Most issues that journalists cover cannot be dealt with in a single story. The issue evolves — sometimes over several months — new events associated with it keep happening, and the journalist’s understanding continues to increase. Her clip file in such cases will grow and grow.
City Manager Don Prentice’s standoff with Council Members Wise and Bullard is just such an issue. You and Tori Baxter have been dealing with it since the beginning of this book.
Reporters who cover such ongoing issues usually keep a running, often chronological account of them. (Remember that you have a similar resource in the “Year in the Life” page on this website.) Reporters also keep their own stories in a file for easy reference. Many keep an updated, publishable-quality written summary in their computers to copy and paste into their next story as background. That saves time and helps ensure the accuracy of the background information. Usually, reporters who do that can even recite the salient elements of the issue and the chronology of events from memory.
As an issue evolves, they also think about how the latest development or event “fits in.” Does it resolve part of the issue or conflict, or does it complicate or aggravate it? Does it bring additional players into the fray, or expand the audience affected by the issue? How does it affect the list of people the reporter should be interviewing for the story, or the experts or records she needs to rely on?
A reporter will also try to anticipate what will happen next. Often, the reporter can’t be sure enough to work such a prediction into the story, but thinking about it can help her plan her continued coverage.
When I covered courts for The Miami Herald, my file on a big case often ran to a dozen or more stories by the time the case was resolved. For the cases that went to trial, the first day of jury selection was always an education for me. After devoting hundreds of hours and thousands of words to reporting the pre-trial activity, I would watch as prospective jurors, one after the other, would tell attorneys they knew nothing about the case and could not recall watching or reading any stories about it. That was probably good for the judicial system: The taxpayers didn’t have to pay the expense of moving the trial elsewhere so an unbiased jury could be found. But it taught me that I couldn’t make many assumptions in any story about what my audience already knew.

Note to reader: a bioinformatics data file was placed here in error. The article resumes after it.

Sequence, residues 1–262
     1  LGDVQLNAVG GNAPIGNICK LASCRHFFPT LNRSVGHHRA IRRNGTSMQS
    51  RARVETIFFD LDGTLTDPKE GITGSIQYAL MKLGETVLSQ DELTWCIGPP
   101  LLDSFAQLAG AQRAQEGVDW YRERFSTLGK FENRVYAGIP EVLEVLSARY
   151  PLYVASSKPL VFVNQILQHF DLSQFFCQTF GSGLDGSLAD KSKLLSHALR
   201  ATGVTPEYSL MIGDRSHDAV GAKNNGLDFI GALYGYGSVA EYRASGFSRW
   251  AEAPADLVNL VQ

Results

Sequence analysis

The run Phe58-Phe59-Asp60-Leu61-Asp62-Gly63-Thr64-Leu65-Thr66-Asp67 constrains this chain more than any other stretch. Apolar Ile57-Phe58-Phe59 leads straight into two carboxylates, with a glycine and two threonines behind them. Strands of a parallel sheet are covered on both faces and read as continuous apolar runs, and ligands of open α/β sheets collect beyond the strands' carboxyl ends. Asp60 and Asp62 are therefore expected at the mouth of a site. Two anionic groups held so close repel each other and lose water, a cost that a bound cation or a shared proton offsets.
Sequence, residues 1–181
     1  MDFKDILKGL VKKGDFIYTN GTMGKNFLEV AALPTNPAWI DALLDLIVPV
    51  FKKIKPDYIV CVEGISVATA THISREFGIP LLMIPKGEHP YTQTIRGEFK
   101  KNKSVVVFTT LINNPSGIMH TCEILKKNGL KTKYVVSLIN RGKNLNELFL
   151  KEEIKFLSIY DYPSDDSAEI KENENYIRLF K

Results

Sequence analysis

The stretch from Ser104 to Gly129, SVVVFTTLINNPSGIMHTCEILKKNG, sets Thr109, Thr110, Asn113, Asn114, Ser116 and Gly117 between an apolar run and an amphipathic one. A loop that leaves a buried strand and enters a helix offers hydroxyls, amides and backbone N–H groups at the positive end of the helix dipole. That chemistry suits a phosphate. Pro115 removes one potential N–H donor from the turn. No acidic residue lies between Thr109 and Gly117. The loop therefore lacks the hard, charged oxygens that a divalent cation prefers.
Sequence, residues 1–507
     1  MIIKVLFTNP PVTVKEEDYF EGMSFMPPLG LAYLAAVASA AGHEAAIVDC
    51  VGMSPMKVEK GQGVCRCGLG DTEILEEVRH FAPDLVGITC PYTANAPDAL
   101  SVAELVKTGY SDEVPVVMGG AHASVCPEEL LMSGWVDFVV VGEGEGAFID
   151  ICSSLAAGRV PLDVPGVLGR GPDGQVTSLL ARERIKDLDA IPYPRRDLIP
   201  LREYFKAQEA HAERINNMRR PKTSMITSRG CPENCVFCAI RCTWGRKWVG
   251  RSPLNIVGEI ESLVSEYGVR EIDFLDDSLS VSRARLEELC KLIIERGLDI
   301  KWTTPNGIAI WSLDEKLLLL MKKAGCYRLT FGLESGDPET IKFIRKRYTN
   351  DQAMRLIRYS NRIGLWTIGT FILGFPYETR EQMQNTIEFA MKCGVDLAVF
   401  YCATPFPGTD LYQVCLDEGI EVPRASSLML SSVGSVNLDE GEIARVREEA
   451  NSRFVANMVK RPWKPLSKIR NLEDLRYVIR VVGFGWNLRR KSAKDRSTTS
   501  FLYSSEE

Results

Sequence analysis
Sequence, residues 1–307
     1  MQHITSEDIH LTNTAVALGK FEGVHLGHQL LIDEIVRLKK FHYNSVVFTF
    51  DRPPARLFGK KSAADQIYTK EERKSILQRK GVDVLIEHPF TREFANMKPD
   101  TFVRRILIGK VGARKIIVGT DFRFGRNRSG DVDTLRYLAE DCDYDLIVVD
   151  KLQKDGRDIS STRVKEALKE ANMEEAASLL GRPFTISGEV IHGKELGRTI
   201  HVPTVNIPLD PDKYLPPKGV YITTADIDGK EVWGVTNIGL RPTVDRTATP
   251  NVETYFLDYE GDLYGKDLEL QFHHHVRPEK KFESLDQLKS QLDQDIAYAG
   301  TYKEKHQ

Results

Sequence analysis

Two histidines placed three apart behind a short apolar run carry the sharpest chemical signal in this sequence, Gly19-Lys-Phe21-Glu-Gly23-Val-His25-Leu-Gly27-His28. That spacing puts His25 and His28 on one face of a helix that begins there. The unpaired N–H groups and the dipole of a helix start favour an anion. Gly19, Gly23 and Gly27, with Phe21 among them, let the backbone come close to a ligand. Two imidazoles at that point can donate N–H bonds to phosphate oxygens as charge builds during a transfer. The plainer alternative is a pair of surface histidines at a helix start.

Eventually, to help my reporting and writing, I came to think of two kinds of approaches to stories: the Martian Approach and the Stranger in Town Approach. The Martian Approach was for when I knew I had to explain everything, as if a Martian had just landed and needed to know what we mean by the United States, the state of Florida, democracy and a jury trial. The Stranger in Town Approach meant I could assume that my audiences would know where they were and what a trial was but knew nothing about a particular case. After watching jury selection a few times, I became convinced that I should use the Stranger in Town Approach no matter how much I had written about a case previously. About the only exception was when I decided I needed to be even more basic and use the Martian Approach.
I tried to keep in mind, though, that even though my audiences might not know anything about a story, that did not allow me to talk down to them. In an earlier chapter I referred to writing coach Don Fry’s comment that audiences aren’t stupid, they just don’t know much. That’s especially worth remembering when you have to explain ongoing and sometimes complex issues.
In Chapter One you read about framing stories, a way of providing the appropriate context for them. One way journalists frame stories is as conflict. Conflict – between people, political ideologies, or conceptions of what is good – is a relatively easy way for audiences and reporters to understand events and complex issues both. But conflict is certainly not the only way to frame stories, and often not the best way. Sometimes part of a story is about conflict, but the entire story might be framed that way, misleading audiences.
The issues surrounding Valleydale’s budget and accusations against City Manager Don Prentice certainly involve conflict. There is an intense battle raging between Prentice and Council Member Eaton Wise, for example. But until you read Tori’s interview with Alice Turpin, you probably imagined the conflict was rooted in egos and personalities, classic sources. You tried to imagine how it could be about differing political philosophies – another potential source of conflict.
But now we know that what is between Prentice and Wise has more to do with greed than personal or ideological conflict. Because Turpin talked to us on deep background, we are still waiting for an opportunity to show our audiences what this story is really about. Meanwhile, we need to be careful not to oversimplify the story. There is a difference between explaining complex issues in a straightforward way and turning a complex issue into an overly simple story by insisting it is all about conflict. As ethical journalists whose primary obligation is to serve our audiences, we should strive for the former approach.
The action from the Valleydale City Council meeting summarized below is straightforward. Many ongoing issues reporters face appear to conclude in such a cut-and-dried fashion, almost anti-climactically. But remember (See Box 16.1):
1. Because some issues go on for so long, your story must include extensive background to provide appropriate context for your audience.
2. Few if any in your audience will have seen all of your previous stories, and even those who did will need reminding of some of the events that have taken place.